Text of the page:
Like credential security, you can make significant improvements very simply:

  1. Don’t use portable media devices, such as external hard-drives or USB keys for personal or confidential information.

    There is no need in the modern connected world to rely on these sort of tools. Stick your files on Google Drive, and access them on all your devices, wherever you are. Ensure you have a secure password/PIN on your phone and tablet, and a strong password on your computer.

    The convenience of this sort of access will help stop you copying essential files to insecure portable devices, and this will increase security. If you are not sure what type of educational information is personal or confidential, have a look at our handy guide.

  2. Only use devices which natively encrypt your data.

    You cannot get away from the fact that even with the best cloud service, data is going to be stored and cached on your local device. Encryption at rest is essential. This means that if you lose physical control of your device, your data is still encrypted, generally with a key that is derived from your account credentials.

    Without this encryption, it is trivial to access any data on a device, including confidential information! If you use windows servers or laptops, you need to ensure they have been encrypted properly using a full-disk encryption system such as Bitlocker.

If you use Chromebooks to access your data offline then you will be benefiting from their native (and default) encryption, making them an extremely secure device to access your data from, without requiring any extra management or technical configuration time. Other tablet/phone devices, such as those running Android 7.0/IOS 4 (or later) also natively encrypt data - protecting them in case they are lost. Leaving confidential data in an unencrypted state is just inviting trouble.

Should you discover you have lost your mobile device, you can remove these devices from accessing your Google account from your recently used devices page. Then tell your organisations Google administrator (usually a senior official or IT Support team) that you have lost a device. They should be able to remotely clear any cached email or cloud files from the device too.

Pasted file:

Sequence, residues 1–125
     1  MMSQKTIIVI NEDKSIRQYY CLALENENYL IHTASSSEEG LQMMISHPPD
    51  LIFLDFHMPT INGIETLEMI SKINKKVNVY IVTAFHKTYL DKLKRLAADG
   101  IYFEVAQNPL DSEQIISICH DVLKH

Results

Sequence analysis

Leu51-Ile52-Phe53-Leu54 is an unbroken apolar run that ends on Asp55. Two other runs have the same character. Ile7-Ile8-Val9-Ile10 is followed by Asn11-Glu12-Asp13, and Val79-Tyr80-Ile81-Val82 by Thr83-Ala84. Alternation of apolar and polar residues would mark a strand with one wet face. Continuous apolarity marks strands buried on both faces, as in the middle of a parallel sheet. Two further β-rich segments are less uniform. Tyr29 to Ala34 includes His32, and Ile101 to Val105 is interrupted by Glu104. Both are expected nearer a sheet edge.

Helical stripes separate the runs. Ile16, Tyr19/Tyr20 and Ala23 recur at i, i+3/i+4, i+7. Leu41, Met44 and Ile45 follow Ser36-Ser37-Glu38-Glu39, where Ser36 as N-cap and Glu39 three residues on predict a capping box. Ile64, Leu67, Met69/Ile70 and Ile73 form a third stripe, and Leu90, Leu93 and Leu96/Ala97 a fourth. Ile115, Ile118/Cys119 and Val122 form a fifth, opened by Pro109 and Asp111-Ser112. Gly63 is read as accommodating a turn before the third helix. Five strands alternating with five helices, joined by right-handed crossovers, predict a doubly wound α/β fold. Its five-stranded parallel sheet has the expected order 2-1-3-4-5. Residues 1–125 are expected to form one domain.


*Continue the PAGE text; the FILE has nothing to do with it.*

Now you have dealt with the most critical security issues by uploading your data to a secure cloud provider, secured your accounts with 2FA, and ensured that any device you use to access or store data is encrypted. Then you can turn your attention to ensuring that only the correct people have access to your protected information.

One of the unique features of modern cloud storage platforms is that they allow users to take control of data sharing in ways they haven’t done in the past. This empowers them to work more collaboratively, but this power and responsibility means they may need time and guidance to become comfortable exercising it. It is essential that all your users know what information is personal or confidential, and with whom they can share it with. They must be confident in being able to check who has access to data, and how to restrict access if need be.


An emailed file is a lost file. Once a file has been attached to an email and sent, you lose any control over it. Confidential, personal or even important data should never be sent as an email attachment. The recipient of the email can forward it to any third party, or they can start to make changes to the file that won’t be shared back with you. Granting others access to your file is a far better way to communicate information. Ideally, you should share with a named account (e.g. an email address), but you can also use link sharing if you need to you. Anything is better than attaching! Remember that if you make a mistake with sharing, and include someone who actually shouldn’t have access, you can always rescind a share but recalling an email with an attachment is almost always impossible.


A traffic light system to classify information security is a useful tool to help guide users in making these decisions. You can even overlay these traffic-light tags onto your Google Docs, Sheets and Slides to help ensure everyone knows that sort of data they are dealing with. You can also audit sharing permissions or (as an administrator) view audit logs to check exactly who has access to your data, as well as who has opened and edited it.


Ensuring access to valuable data is vital. If you are keeping your files on a single server, even with a reliable backup solution, then you are putting the continuity of access at risk. To recover those files you may need to purchase a new server, wait for it to be delivered, build it, configure it and then restore the backup. If your financial system or critical supplier information was on that server, then the job is even harder. All this takes time.

Well-designed cloud services will likely have significantly less downtime that this, even in the worst case scenario. On any secure client platform, you can cache files for offline access. This technique can be used to ensure you have access to critical information, such as essential medical, contact or technical data.


Tagged Education, Google, Storage

Related Google Calendars on the Web (01 Sep 2018), Dealing with confidential information in schools (24 Jul 2018), Fundamentals of Web Filtering & Logging (02 Jul 2018)